Reference management for simple associations

Since xUML is based on relational theory there are no object oriented programming style links. Instead, one instance may refer to another by storing the values of one of the referenced instance’s identifiers.

When referring toward a one, unconditional direction, a reference may be placed in the referring class. Otherwise, an association class may be used to refer to both sides of the association.

The proper use of referential attributes and identifiers is explained in the book Executable UML: A Foundation for Model Driven Architecture, Mellor-Balcer, Addison-Wesley. They will also be explained elsewhere on this website eventually. Here, though, we’ll assume that you know the rules.

The following model snippet is from an animation application. A setting programs a control value at one point in time on a timeline.

A Setting cannot exist by itself, so when we create one we must place it on a Timeline.

Unlike conventional UML there is no notion of an invisible link connecting instances of Event to instances of Timeline. But there is a very visible attribute in the Event class named Timeline that holds the value of the ID of some existing Timeline. For this reason the Setting.Timeline attribute is called a referential attribute.

Forgetting references for the moment, when we create an instance of any class we must provide a legitimate value for each of its attributes. There are no special null or not-applicable values in xUML. So when we create an instance of Setting we must supply a value for its Timeline attribute which effectively forces us to associate it with its Timeline instance.

Fortunately, the MX domain knows how to manage referential attributes with respect to relationships so that they are set correctly. Consequently, the modeler never directly writes the values of a referential attribute. This helps ensure the integrity of relationships so that you don’t accidentally set the value of a referential attribute to a value for a non existent target instance.

Setting a reference

In the following Scrall example we introduce the & reference operator. It creates a reference from some referring instance to a target (referred to) instance. Assume we have a domain operation that creates and associates an instance of Setting to a Timeline.

Let’s say that a creation event is processed by the MX domain to create a new instance of Setting. There must be a creation action in the initial state like this:


The creation event supplies needed initialization values. The ID value is not supplied and no default initial value is shown on the class diagram. Consequently, the Nominal type initialization operation will supply the needed value. For the Nominal data type, an unused and unique number for the local class is selected from the set of positive integers. (In the illustration we preface that number with the initial of the class, S8, for example.

The reference to the required Timeline instance is performed by the & action which requires a source instance, a relationship name and a target instance set. When, the source instance is omitted, as it is in this case, the local instance is assumed. The in.Timeline value is used to select an instance of Timeline as the target of the reference. To complete the initialization a signal is sent to the local instance and, on dispatch, it moves on to the next state.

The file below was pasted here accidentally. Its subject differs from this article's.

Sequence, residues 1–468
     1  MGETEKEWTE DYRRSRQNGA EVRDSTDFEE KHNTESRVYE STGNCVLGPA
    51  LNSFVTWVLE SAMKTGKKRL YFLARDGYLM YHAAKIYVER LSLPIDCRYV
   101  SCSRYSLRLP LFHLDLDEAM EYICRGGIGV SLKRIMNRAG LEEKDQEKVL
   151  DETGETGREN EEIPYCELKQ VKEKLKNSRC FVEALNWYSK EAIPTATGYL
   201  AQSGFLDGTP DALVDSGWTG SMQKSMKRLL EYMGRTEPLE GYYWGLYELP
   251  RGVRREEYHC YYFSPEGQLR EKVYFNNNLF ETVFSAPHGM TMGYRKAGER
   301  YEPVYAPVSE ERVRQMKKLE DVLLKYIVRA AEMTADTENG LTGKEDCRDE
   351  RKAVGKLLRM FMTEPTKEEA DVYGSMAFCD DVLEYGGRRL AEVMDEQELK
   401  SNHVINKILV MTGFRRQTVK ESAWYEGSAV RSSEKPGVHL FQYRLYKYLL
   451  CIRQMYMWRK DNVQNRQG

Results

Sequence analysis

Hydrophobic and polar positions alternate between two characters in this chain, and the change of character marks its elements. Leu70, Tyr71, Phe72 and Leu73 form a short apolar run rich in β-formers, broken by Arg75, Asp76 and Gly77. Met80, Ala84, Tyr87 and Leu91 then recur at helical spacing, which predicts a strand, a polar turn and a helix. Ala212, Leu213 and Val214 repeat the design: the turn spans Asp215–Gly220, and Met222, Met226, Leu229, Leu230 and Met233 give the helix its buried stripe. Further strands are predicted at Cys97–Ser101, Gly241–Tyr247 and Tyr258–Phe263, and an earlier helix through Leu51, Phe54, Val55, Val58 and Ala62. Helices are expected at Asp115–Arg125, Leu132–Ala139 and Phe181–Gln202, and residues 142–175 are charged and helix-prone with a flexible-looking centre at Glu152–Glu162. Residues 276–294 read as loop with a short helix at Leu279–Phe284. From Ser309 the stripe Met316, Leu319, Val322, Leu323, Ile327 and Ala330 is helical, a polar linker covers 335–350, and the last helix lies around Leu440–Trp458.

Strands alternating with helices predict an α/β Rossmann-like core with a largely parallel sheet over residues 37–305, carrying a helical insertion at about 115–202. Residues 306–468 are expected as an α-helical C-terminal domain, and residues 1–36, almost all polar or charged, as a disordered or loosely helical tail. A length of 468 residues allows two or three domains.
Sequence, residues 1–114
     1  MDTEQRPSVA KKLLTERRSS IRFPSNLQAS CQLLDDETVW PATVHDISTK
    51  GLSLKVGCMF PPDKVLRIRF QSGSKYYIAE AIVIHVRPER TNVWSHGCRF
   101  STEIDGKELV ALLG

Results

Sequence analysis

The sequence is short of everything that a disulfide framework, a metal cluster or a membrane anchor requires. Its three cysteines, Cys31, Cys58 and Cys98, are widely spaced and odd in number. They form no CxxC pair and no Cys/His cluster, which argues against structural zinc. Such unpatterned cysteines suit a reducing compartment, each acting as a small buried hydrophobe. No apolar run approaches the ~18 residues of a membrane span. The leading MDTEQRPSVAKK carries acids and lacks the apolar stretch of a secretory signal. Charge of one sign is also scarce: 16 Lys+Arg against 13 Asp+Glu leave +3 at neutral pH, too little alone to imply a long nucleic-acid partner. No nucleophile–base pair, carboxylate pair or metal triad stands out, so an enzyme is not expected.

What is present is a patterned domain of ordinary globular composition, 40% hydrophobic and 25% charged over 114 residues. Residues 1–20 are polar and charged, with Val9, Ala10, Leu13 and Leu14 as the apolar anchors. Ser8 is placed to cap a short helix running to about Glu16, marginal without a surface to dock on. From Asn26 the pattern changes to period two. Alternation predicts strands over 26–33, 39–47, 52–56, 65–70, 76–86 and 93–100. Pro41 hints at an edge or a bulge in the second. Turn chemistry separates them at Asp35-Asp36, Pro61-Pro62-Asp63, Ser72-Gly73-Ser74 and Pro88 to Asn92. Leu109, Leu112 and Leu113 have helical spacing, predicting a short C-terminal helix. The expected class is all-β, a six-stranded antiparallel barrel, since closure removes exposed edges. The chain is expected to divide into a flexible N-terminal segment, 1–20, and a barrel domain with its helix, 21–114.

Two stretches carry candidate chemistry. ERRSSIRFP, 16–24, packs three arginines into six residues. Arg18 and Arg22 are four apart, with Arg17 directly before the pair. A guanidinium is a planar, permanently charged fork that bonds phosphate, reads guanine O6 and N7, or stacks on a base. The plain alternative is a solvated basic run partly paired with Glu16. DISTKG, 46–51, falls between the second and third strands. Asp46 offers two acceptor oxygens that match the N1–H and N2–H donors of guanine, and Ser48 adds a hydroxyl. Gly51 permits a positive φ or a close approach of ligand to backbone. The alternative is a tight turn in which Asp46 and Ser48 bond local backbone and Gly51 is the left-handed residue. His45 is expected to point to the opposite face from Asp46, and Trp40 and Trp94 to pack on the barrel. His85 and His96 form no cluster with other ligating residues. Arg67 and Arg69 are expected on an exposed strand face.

Deleting a reference

To delete a reference, simply delete the class holding the relevant referential attributes. When referring in a to-one direction, as in this example, just delete the referring instance. For all other multiplicities (to-0..1, to-1..*, etc), the referential attributes will be in some association class, so delete the relevant association class instance.

In our example, we don’t need to use any special action to delete a reference to Timeline. Let’s say that we delete setting S8 from our example. When S8 enters its deletion state it will be removed along with its Setting.Timeline referential attribute. No “unlink” action is required.

Swapping a reference

Especially with unconditional (non-zero) association multiplicities, you need to replace one reference with another rather than temporarily have a non-reference that would break the model consistency. In this case you can use the & operator to swap out the old reference and set a new one.

In the following example it is necessary for an instance of Control Zone to replace its current air traffic On Duty Controller with someone else. In this model it is illegal for a Control Zone instance to be left on its own, undirected.

&R2 On Duty Controller( ID: controller )

The above action in some state activity of Control Zone will replace the currently referenced On Duty Controller with one found from the supplied ID value in controller. The MX domain will simply replace the value of the local instance’s Control Zone.Controller attribute with the ID value of the new air traffic controller.

Fully qualified reference

References are not always managed in the scope of a local instance. Sometimes a remote instance will perform a synchronous action that changes a reference through creation, swapping or deletion.

In the following example an instance of Aircraft is associated with an instance of Runway assigned for take-off by an instance of Landing Clearance. So, in some activity of the Landing Clearance state model we might see this:

aircraft to land = Aircraft(ID: this one next)
land runway = find available runway()
if (land runway)
   land this one next &R24 land runway

In the last line above, the source instance is associated with the target instance. The MX domain will set the value(s) of the referential attribute(s) of the Aircraft class to refer to the assigned Runway instance.